7. Practice in the mirror. Cheesy? Totally. Useful? Totally again. Some people I’ve worked with didn’t realize that they actually cringe when given a compliment until they started watching their own reactions in a mirror. Once they were more aware, practicing their responses while having to face themselves only made them that much more comfortable.

8. Compliment the other person. But don’t overdo it. It’s great to turn the love around, but just make sure you’re not doing it at your own expense or being over the top. Do not respond with a comparison (e.g. “Thanks for saying you like my haircut, but yours is honestly so much cuter!”). It diminishes their compliment (it’s almost a way of one-upping, actually) and makes you look uncomfortable and potentially ungrateful.

9. Say, “It’s great to hear that because I respect you so much.” When it’s appropriate, and true, this is a great response. It offers a reciprocal compliment, but doesn’t negate what the person is saying nor take the focus off of you.

10. Focus on the body language. Accepting a compliment doesn’t stop at the words — body language is especially important too. Notice your stance and facial expressions when you receive praise. If you’re crossing your arms, folding yourself smaller, looking down, or (please no!) rolling your eyes, your body is not accepting the compliment, even if you’re mouth is.

What is it like for you to accept compliments? What other tips can you share?


08 Jan

Who Believes in You?: Assembling Your Dream Team

Ideas to Consider 3 Comments by Ashley @ Nourishing the Soul

{image via pinterest

We all need someone to believe in us.

It sounds like a line from a sappy ballad, but it makes the sentiment no less true.

Studies of people who overcome difficult circumstances point time and time again to the crucial nature of social support. This means that people who are the most successful at making positive changes and surviving challenges are the ones who can identify a positive support network around them.

It’s true from people dealing with depression to death of a partner to cancer to eating disorders to infertility to divorce. These troubling events and conditions can bring a person to his or her knees, but can be overcome, research tells us, if a person is supported. In fact, we can thrive and grow from these experiences if the right conditions are in place.

What’s so interesting though is that many of these studies are actually looking at a construct called perceived social support. This is distinct from received social support in that the people in the studies are being asked how supported they feel, rather than researchers actually assessing how much support they are getting regularly.This is an important distinction because it turns out the many of the positive effects of social support can be garnered just from believing yourself to be supported, regardless of whether someone is actually wiping away your tears. Maybe an imaginary shoulder is as sturdy to lean on as a real one?

This isn’t to say that we can all live in fantasy land and forgo our efforts at building a tangible support network. But it does suggest that creating a feeling of support around us could potentially be within our control – even when it seems other people aren’t.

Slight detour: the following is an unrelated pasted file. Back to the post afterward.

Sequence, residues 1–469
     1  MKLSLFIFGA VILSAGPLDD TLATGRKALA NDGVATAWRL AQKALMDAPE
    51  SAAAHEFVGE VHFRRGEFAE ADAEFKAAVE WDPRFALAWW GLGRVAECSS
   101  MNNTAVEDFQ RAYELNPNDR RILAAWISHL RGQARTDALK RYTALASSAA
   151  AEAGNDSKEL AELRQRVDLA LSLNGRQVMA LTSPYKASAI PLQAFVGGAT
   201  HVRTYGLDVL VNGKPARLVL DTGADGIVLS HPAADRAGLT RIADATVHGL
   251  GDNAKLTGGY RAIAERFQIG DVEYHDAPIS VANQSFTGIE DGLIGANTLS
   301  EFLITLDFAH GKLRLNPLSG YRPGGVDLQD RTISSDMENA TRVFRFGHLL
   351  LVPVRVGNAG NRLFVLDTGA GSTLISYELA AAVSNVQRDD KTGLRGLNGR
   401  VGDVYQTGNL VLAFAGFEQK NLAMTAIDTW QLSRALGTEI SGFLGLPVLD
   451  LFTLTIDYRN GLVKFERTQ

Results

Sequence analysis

One way of doing this is to — and don’t laugh — build your dream team of social support. And I mean DREAM!

In a recent article in O Magazine, life coach Martha Beck mentioned that when she needed positive voices to infuse all the negative chatter in your brain, she first turned to famous people she admired, like a 2500-year-old Chinese philospopher. Eventually, she was able to identify people she knew personally; in the meantime, however, her old philosopher helped to defeat her inner critic.

In the same way, we can create start with our own fictional – but no less real, in terms of benefit – support group. Mine would include people like Maya Angelou, Jonathan Safran Foer, and Ellen DeGeneres. When we’re feeling hopeless, helpless, and insecure, we can take a virtual trip to our support group and garner what we need. Maybe it’s inspiration, maybe it’s information, or maybe it’s a good laugh. Think about what you need from others when you’re struggling. Who do you admire that can give that to you even when no one’s around.

If I’m having trouble visualizing how my imaginary support group might respond to my situation, I might need to bring them to life – whether that’s through their books, movies, or interviews, or it’s by doing something to connect with their wisdom, like writing a letter.

It might sound silly, but the ultimate goal of support systems – real or imagined – is to internalize the sense of confidence that they inspire. Whether this comes from Oscar the Grouch or your friend Sheryl might not matter.

Who would you elect to your dream team support group and why?

25 Aug

You Should Know :: Body Loving Homework

Book Review, You Should Know 3 Comments by Ashley @ Nourishing the Soul

Okay, so I’m a little late to the party. But hey, I like to make a statement, so it’s cool.

If you’ve been an avid follower of the self-love mecca, Medicinal Marzipan, (and why wouldn’t you be?), you may already know about the cool renovation project over there. Mara has done more than added a fresh coat of paint – she’s totally revamped her space and launched a stunning new site – – that is as resourceful as it is beautiful.

One of the coolest things about the whole she-bang is that Mara launched a fantastic new e-book along with the site. It’s called Body Loving Homework and it’s a collection of writing prompts that inspire you to create your own personal narrative. My professional, personal, and every other kind of opinion is that writing is one of the most powerful tools we have to access our truest selves (which was the basis for the Self-Discovery, Word by Word project and is also why I kicked off the Start Write Now series recently).

A collection of writing prompts sounds a little boring, and Body Loving Homework is anything but. Consider it your jump start to digging into the most important material in the world – what’s already inside of you. It’s an invitation (and roadmap) to incredible self-discovery. It covers topics from your emotional body to sex and intimacy to unraveling a media-fueled education (awe-some). Not only that, but it’s absolutely gorgeous. No, really. You have to see for yourself to know what I mean. So consider this your kick in the butt to check it out.

Have you come across any great self-love tools lately? Been writing as a means of self-discovery? Do share!